# how to compute image gradient using Sobel operator

Hi everyone, I'm trying to get an orientation map from a fingerprint image but I don't know if the way I compute the gradient in each direction(x and y) is good. That's my python code

```
Dx = cv2.Sobel(norm_gray_img,cv2.CV_16S,1,0,3)#in x direction
Dy = cv2.Sobel(norm_gray_img,cv2.CV_16S,0,1,3)#in y direction
```

I also see in some question the use of "cv2.convertScaleAbs" but I don't know why it is used.

all the code are:

```
def local_vx_vy(Dx,Dy,point,img_size,block_size=(17,17)):
#point = (x,y) x on col navigation, y on row navigation
# img_size = (row, col) size of the image row is the nombre
# of lignes and col the number of column
x,y = point
row, col = img_size
h,w = block_size
ofi, ofj = w/2,h/2
Gxy = Gxx = Gyy = 0
for j in range(-ofj,ofj+1):
for i in range(-ofi,ofi+1):
if 0 <= x+i and x+i <= col-1 and 0 <= y+j and y+j <= row-1:
#print Dx[y+j][x+i], Dy[y+j][x+i], "dx,dy"
Gxy += (Dx[y+j][x+i])*(Dy[y+j][x+i])
Gxx += Dx[y+j][x+i]**2
Gyy += Dy[y+j][x+i]**2
vx = (2*Gxy)/(w*h)
vy = (Gxx*Gyy)/(w*h)
return (vy,vx)
def compute_orientation(norm_gray_img,block_size=(17,17)):
h,w = block_size
row,col = norm_gray_img.shape
ofj, ofi = h/2, w/2
print norm_gray_img
Dx = cv2.Sobel(norm_gray_img,cv2.CV_16S,1,0,3)
Dx = cv2.convertScaleAbs(Dx).astype(np.float)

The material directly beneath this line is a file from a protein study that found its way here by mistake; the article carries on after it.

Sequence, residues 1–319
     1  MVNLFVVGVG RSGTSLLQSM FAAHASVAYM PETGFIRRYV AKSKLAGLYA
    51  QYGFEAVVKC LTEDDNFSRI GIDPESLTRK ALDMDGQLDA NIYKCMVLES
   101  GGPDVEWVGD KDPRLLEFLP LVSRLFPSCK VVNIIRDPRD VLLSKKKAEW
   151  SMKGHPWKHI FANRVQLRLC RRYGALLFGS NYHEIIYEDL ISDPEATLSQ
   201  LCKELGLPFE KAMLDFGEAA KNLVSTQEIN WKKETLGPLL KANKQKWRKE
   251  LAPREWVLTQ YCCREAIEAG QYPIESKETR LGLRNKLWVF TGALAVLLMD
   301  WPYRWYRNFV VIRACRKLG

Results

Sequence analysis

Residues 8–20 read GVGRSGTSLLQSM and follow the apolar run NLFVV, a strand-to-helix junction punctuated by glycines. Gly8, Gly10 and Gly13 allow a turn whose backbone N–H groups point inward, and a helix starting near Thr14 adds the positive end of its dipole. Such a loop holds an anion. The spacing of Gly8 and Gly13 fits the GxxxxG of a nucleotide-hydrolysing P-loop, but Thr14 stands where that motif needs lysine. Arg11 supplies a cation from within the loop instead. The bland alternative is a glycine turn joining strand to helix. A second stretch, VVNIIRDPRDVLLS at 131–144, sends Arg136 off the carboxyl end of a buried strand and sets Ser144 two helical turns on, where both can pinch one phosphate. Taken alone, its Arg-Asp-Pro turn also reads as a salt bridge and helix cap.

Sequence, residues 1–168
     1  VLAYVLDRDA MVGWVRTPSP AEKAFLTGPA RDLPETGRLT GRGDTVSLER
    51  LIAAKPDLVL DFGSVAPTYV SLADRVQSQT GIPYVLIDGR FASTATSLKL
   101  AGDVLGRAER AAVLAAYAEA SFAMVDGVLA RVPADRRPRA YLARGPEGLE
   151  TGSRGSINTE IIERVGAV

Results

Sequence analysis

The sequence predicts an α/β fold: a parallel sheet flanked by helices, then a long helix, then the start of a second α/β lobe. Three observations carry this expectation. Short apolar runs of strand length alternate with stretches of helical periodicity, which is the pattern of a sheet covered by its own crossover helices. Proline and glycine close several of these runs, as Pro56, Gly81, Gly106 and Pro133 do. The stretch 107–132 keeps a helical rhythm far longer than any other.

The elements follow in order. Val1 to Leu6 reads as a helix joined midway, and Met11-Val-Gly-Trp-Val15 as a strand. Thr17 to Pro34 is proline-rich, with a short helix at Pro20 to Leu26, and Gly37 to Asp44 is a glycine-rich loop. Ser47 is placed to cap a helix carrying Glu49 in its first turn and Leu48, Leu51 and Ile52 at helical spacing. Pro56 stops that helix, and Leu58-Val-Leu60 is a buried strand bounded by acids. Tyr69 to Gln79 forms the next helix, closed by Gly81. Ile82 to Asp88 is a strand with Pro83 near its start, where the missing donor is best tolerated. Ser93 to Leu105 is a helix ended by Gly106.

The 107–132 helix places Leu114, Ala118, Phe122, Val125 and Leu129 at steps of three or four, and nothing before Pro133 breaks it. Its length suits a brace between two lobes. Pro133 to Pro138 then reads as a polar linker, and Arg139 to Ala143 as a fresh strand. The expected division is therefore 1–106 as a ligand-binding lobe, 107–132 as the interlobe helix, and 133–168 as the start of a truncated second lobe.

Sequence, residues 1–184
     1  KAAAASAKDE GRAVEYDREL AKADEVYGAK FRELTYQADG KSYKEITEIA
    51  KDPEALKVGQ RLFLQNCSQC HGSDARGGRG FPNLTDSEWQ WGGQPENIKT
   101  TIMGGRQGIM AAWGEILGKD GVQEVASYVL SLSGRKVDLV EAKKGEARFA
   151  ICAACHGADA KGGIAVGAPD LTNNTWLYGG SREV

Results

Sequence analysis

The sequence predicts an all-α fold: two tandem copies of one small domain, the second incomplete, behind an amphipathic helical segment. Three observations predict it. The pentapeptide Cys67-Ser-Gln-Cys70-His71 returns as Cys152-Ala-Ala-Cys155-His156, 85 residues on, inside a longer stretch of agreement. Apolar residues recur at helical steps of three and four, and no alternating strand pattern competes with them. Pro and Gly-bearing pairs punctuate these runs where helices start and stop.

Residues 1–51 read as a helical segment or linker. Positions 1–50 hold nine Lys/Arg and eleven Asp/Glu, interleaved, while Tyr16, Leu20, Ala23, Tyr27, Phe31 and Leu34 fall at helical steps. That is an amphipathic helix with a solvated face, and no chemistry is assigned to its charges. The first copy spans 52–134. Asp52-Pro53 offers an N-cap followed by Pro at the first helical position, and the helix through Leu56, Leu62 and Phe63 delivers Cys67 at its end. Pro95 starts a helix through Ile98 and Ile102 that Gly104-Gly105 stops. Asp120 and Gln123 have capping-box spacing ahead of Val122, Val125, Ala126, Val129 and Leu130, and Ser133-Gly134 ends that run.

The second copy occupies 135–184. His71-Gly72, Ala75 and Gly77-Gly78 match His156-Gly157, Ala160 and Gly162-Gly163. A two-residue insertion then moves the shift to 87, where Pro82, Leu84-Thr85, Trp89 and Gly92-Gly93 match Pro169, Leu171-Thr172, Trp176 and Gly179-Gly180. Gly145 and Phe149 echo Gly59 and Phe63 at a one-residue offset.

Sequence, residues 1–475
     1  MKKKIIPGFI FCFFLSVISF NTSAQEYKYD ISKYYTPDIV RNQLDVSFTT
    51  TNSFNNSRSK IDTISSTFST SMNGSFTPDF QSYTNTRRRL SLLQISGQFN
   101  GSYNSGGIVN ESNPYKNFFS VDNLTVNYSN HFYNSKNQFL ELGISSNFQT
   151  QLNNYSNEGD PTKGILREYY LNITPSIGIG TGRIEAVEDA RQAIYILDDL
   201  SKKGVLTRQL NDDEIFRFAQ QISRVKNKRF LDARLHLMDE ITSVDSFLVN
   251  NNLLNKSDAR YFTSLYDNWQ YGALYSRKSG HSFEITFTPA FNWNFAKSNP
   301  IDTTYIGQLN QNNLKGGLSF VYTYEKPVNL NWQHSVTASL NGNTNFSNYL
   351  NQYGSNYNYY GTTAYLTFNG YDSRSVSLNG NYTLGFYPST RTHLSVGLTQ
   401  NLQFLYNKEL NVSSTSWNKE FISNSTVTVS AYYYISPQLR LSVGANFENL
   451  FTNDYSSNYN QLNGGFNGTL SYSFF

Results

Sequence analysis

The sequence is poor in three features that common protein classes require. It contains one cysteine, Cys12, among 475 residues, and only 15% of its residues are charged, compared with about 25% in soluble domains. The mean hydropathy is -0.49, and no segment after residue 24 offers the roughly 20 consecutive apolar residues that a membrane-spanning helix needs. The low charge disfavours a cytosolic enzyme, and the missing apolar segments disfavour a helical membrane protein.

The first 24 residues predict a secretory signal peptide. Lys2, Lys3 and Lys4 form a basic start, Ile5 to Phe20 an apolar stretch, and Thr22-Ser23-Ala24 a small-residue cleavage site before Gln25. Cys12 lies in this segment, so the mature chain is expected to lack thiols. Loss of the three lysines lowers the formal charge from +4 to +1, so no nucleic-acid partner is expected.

Dy = cv2.Sobel(norm_gray_img,cv2.CV_16S,0,1,3)
Dy = cv2.convertScaleAbs(Dy).astype(np.float)
Vy = norm_gray_img[0:row-h+1:w, 0:col-h+1:h]
Vx = Vy.copy()
angle = Vx.copy()
r = c = -1
for j in range(0,row-h+1,h):
r += 1
for i in range(0,col-w+1,w):
c += 1
Vy[r][c],Vx[r][c] = local_vx_vy(Dx,Dy,(i,j),norm_gray_img.shape,block_size)#
c = -1
theta = 0.5*(np.arctan2(Vy,Vx) + M_PI)
Vx, Vy = cv2.blur(np.cos(theta),(5,5))/25, cv2.blur(np.sin(theta),(5,5))/25
theta = 0.5*(np.arctan2(Vy,Vx) + M_PI)
return angle
```

with the code above and the following plotting function the result is not what I expect

```
def plot_point(point, angle, length, ax):
'''
point - Tuple (x, y)
angle - Angle you want your end point at in degrees.
length - Length of the line you want to plot.
Will plot the line on a 10 x 10 plot.
'''
# unpack the first point
x, y = point
# find the end point
#print angle
endx = x + length
endy = length*math.tan(angle)+y
ax.plot([x, endx], [y,endy],color='red
```

')

Why is the result bad. It seems that it follows the edges quite closely. You probably want either a

Go ahead and perform some tests!